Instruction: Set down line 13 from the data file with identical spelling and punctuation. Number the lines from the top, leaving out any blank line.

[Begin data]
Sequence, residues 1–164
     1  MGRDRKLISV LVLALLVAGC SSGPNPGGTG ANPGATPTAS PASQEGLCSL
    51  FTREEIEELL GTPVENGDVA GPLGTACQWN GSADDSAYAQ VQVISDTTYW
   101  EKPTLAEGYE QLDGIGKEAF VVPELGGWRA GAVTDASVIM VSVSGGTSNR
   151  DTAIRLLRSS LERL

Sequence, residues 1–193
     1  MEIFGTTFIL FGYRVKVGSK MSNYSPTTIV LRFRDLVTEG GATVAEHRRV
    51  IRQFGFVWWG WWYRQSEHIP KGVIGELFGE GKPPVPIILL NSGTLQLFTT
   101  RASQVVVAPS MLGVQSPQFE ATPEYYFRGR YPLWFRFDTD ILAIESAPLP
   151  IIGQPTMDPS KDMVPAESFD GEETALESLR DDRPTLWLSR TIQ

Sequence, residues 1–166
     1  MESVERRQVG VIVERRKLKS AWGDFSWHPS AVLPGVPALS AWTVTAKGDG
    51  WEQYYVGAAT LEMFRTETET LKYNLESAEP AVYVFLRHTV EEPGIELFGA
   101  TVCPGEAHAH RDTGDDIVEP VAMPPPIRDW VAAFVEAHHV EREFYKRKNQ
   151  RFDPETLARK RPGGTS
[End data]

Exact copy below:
    51  WEQYYVGAAT LEMFRTETET LKYNLESAEP AVYVFLRHTV EEPGIELFGA